The second, often found in cobra and coral snake venoms, hits an animal’s neurological system, says Mackessy. In those instances, the toxin inhibits communication between neurons and muscle cells, rendering the recipient paralyzed.
The coral snake evolved its unique venom largely because of its prey: other snakes.
One fast snake stopping another fast snake can be challenging, which is why coral snake venom renders other snakes immediately paralyzed. “Then the coral snake can work its way up to the head and swallow it and have a big noodle meal,” Mackessy says.
Fortunately, the coral snake is unlikely to bite you.
“A friend of mine had a coral snake crawl between his feet when he was standing in flip flops in his backyard, but the animal made no attempt to bite him.” He encourages people to be aware of their surroundings, though, and wear protective clothing in areas shared by coral snakes.
Mostly, don’t pick them up and play with them.
Venomous snakes? Sure. Deadly scorpions? OK. Poisonous ruffed grouse? Maybe?
Apparently, well over a century ago, one of the most popular game birds in the U.S. was killing people. To be clear, the bird wasn’t actually killing people. People who ate the bird died.
Most of the poisonings were documented in the 1700 and 1800s, with no accounts reported in the U.S. since 1886, according to an exhaustive – and fascinating – review of all ruffed grouse poisonings compiled by the University of California, Davis.
The prevailing theory at the time were that some ruffed grouse consumed in late winter had eaten sheep laurel, their flesh absorbed the toxin, and humans were then poisoned from the tainted meat.
Other theories posited that the meat was only tainted in birds which were killed and kept whole for well over a week before being sold (whole birds appeared plumper at market and food safety must not have been much of a concern).
After a rash of poisonings in Britain from imported birds, one Londoner theorized in a newspaper that the container ship had been “defiled by toxic preservatives by crooked shippers, since ‘knavery was an ingrained Yankee trait.’”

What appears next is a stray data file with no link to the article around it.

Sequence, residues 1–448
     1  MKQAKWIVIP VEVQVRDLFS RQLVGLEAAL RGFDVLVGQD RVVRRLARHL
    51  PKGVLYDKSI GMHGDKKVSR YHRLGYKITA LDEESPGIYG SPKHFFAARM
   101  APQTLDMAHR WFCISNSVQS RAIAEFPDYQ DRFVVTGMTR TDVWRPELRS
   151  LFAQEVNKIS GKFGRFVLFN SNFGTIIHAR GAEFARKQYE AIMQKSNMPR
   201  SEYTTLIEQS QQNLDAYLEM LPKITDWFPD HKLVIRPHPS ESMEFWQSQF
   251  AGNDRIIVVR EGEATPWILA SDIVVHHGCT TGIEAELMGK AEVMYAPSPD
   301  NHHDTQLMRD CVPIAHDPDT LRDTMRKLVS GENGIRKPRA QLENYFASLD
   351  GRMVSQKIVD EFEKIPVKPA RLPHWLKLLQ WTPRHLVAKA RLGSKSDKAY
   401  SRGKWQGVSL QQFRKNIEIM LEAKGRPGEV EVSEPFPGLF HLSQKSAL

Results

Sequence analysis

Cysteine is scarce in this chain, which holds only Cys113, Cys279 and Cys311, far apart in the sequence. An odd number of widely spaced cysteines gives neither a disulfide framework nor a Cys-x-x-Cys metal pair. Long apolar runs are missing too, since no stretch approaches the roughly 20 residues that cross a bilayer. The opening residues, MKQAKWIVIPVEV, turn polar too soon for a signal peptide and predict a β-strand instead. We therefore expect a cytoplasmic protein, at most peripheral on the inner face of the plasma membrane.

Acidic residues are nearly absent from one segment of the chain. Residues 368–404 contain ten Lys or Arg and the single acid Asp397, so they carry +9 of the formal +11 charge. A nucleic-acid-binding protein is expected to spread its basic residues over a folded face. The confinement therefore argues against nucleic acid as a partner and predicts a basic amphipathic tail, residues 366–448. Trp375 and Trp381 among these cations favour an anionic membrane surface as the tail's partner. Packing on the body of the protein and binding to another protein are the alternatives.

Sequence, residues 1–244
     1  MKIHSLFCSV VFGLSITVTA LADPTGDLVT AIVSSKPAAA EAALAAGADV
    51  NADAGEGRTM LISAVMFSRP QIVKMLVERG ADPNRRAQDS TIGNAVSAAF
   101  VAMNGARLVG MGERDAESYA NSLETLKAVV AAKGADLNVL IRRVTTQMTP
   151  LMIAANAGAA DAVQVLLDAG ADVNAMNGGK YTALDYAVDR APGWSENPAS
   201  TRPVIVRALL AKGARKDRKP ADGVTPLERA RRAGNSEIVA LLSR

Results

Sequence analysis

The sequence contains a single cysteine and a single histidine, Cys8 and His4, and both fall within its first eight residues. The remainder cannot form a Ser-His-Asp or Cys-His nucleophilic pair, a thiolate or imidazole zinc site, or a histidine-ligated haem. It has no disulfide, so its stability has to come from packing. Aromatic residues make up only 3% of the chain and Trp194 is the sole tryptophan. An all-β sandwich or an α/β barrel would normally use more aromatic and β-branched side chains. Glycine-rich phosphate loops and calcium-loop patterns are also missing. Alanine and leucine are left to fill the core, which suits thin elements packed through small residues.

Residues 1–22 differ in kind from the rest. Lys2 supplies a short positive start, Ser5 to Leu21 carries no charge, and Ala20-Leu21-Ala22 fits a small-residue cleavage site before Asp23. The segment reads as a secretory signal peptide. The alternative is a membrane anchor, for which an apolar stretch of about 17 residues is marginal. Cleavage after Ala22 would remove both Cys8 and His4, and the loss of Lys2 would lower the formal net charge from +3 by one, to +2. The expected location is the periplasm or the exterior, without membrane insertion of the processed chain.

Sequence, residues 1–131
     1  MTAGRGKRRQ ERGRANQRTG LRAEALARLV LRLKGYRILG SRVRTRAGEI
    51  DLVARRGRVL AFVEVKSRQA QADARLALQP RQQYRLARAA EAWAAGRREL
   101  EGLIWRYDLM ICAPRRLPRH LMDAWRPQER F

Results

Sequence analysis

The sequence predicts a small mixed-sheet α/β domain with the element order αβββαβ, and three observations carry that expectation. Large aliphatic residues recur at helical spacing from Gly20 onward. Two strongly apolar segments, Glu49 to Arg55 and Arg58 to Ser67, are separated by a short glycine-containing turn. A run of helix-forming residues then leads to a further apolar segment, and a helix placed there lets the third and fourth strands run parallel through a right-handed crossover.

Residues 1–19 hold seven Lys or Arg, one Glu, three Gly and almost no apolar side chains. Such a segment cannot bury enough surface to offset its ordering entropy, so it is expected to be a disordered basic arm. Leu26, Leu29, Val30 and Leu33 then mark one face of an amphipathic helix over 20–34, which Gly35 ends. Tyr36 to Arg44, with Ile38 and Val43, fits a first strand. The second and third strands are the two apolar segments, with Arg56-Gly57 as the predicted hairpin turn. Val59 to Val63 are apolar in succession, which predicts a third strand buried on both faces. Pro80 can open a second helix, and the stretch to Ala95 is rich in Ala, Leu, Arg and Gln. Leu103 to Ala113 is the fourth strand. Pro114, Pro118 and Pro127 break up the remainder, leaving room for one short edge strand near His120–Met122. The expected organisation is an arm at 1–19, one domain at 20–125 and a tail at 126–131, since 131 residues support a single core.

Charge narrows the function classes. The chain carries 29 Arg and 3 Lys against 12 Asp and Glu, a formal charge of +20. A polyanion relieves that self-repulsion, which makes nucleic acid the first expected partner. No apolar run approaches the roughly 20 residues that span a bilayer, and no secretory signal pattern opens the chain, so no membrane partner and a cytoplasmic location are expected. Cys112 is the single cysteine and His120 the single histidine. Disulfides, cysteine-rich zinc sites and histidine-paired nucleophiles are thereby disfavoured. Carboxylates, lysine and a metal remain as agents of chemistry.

Other theories stated that those who didn’t fall ill were saved by wine or other alcohol at dinner, weakening the toxin.
Whatever it was, by the turn of the 20th century, poisonings seemed to be a thing of the past. The UC Davis paper speculates the change may have been a restriction on hunting ruffed grouse in late winter, though it may well have been something else altogether.
“The evidence suggests that despite the occasional toxic tragedy, Americans of the era regarded ruffed grouse consumption as no more than an agreeable form of “culinary roulette,” and accepted the risk as small or incidental, given the usual gustatory reward, much the way that 20th and 21st century Japanese gastronomes have relished their puffer-fish,” the paper states.
And to this day, even the National Library of Medicine includes the North American ruffed grouse in a paper discussing poisonous birds.
Last, but certainly not least, is a snail that kills fast-moving fish by impaling them with a venomous harpoon.
More than 500 different species make up the conus genus of snails, with the most potent living far away from North America. But they are potent – so much so that divers are warned not to pick up cone snails as souvenirs for fear they will be stung.
“The venom from one cone snail has a hypothesized potential of killing up to 700 people,” according to the National Center for Biotechnology Information.
Cone snails range from an inch to up to 11 inches long, and find prey and breathe using a siphon. The creatures live in deep, tropical waters including the Red Sea and Caribbean, though can also be found off the coast of Florida. They hunt primarily at night and bury themselves in the sand during the day.
They “primarily encounter humans only when provoked.”
Their venom, however, is being studied widely because of its ability to “cause paralysis through multiple neuromuscular blocking steps.” In short, while cone snail shells are beautiful, and the venom may lead to lifesaving drugs for humans, we should not play with them.